Researchers, according to a recent study, bring into light a potential scenario in which immunity to coronavirus either through infection or a vaccine, diminishes within a year, similar to that seen for the endemic beta coronavirus that causes mild respiratory illness. If immunity to SARS-CoV-2 was longer, through protection provided by an immune response to infection with other endemic coronaviruses, humans might experience what would initially appear to be an elimination of COVID-19 followed by resurgence after a few years. Other contributing factors include the availability and effectiveness of a vaccine and the innate seasonality of the virus.
Among the infected, serological studies indicate that most infections, regardless of severity, induce the development of some SARS-CoV-2-specific antibodies. Yet it remains unclear whether those antibodies are themselves sufficient to provide long-term immunity to prevent reinfection. Insufficient immune response, for many viruses, waning immunity, or mutations that allow it to escape immune detection can undermine or circumvent immunity and allow subsequent reinfection. In the case of co-infection, the immune response to SARS-CoV-2 may be affected by whether or not someone is currently or was recently infected with another virus.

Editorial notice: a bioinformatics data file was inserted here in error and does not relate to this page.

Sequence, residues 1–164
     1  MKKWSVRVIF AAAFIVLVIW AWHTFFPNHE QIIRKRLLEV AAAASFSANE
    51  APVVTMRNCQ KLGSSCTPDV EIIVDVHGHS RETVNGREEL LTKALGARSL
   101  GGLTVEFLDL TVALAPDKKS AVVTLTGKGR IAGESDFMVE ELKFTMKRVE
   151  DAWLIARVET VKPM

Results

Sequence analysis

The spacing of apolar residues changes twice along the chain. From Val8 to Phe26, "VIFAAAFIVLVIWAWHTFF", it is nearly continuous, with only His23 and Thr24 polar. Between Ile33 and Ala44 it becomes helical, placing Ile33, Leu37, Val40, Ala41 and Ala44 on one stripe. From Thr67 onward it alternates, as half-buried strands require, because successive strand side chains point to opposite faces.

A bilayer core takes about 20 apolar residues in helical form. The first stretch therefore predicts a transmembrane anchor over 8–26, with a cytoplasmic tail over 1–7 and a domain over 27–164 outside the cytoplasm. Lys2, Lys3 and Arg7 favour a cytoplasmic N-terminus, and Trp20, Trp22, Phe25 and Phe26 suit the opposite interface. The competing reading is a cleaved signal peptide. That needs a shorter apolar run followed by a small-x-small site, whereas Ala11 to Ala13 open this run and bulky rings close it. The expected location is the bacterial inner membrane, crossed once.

Various studies before the pandemic, state that infection with one virus can provide short-term protection against a second infection. Other studies confirm that simultaneous respiratory virus infections are not associated with increased disease severity. While some SARS-CoV-2 co-infections have been documented, including co-infections with influenza and respiratory syncytial virus, there is insufficient data to conclude. Evidence suggests COVID-19 could be more transferable during winter. All endemic coronaviruses including OC43, HKU1, NL63, 229E exhibit seasonality in temperate regions similar to influenza. Similarly, environmental conditions may also modulate SARS-CoV-2 transmissibility.
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